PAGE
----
The peculiar turf war between Brooklyn's bicycle activists and Hasidic Jews
On a bright spring afternoon in Williamsburg, Brooklyn, a small cluster of Hasidic Jews stood outside a corner grocery store watching bicycles speed down Bedford Avenue. "When I drive a car, I don't know where to look no more," complained the grocery store owner, Aron, waving his palms in an exaggerated shrug. "A bike? A bus? A stroller? It's so crammed up in this neighborhood. A bicycle lane--this is not a community that needs it!"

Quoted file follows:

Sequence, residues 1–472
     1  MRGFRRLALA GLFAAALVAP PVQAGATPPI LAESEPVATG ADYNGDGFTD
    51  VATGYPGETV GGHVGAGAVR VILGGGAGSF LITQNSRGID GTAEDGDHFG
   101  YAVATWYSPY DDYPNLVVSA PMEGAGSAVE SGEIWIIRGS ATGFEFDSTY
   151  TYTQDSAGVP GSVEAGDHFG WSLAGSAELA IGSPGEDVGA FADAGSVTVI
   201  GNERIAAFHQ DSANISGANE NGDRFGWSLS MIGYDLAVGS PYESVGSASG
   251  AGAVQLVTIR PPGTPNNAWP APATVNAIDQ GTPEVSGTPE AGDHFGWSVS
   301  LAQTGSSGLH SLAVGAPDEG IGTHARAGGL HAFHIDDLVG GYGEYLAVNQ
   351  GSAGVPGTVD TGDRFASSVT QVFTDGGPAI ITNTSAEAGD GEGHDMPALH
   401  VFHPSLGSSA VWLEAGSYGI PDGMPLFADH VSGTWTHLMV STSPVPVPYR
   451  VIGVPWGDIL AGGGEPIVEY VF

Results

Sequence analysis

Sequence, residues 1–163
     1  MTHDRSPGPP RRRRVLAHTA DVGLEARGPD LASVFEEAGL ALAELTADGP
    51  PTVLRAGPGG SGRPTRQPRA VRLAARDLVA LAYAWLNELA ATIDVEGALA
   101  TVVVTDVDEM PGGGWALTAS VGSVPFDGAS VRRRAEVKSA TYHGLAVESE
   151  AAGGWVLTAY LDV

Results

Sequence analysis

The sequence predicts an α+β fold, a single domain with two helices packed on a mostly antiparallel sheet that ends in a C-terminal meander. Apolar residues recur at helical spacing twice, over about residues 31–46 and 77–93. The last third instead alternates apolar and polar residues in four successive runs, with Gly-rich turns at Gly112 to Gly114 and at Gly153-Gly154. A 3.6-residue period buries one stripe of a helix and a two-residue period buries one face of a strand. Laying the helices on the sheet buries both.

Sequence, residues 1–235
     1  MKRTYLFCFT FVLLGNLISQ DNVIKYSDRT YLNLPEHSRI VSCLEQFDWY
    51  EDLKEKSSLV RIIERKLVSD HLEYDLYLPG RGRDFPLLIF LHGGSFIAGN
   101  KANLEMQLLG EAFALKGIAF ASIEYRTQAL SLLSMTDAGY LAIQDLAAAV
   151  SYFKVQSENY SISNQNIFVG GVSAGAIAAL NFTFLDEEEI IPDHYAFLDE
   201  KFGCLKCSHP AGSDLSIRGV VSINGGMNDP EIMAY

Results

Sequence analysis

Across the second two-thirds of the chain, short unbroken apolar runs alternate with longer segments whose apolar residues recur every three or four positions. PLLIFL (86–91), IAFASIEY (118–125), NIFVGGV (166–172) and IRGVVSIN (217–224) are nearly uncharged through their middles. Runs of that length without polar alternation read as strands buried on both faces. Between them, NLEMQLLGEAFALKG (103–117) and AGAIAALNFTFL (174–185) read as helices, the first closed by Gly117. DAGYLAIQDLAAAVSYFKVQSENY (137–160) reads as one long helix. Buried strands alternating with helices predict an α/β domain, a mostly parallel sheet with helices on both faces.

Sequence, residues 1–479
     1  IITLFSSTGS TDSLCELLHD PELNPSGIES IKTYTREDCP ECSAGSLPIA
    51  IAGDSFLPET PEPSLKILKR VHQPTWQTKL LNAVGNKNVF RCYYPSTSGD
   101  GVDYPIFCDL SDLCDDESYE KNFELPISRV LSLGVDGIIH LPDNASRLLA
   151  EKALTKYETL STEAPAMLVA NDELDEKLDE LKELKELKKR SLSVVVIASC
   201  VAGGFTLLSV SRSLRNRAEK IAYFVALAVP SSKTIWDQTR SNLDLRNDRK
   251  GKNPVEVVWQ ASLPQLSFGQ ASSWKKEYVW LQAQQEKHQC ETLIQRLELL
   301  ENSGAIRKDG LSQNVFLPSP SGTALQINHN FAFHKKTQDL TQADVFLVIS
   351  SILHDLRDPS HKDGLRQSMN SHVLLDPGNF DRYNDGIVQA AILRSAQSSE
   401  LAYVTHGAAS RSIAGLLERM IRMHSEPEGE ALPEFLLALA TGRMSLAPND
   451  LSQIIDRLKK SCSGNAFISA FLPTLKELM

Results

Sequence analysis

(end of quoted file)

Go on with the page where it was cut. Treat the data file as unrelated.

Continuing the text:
Until recently, the city of New York begged to differ. Mayor Michael Bloomberg is on a mission to green all five boroughs, and in 2006 the city pledged to build 1,800 miles of bicycle lanes. Williamsburg seemed like a logical place to start: over the past decade, the neighborhood has become a magnet for young creative types who rely on bicycles to cross the bridge into Manhattan. But when the Department of Transportation arrived with white paint to mark the lanes, the Hasids were indignant. First, they complained about traffic and parking issues. Then a Hasidic community board member admitted that he was troubled by the "dress code" of female bikers. Local blogs and tabloids reported the story under such gleeful headlines as "Hasid Lust Cause" and "Hasids Say Cyclists Too Sexy for Bike Lanes." The cyclists snickered--until December 1, 2009, when orange DOT trucks pulled up on Bedford Avenue and sandblasted away 14 blocks of bicycle lanes.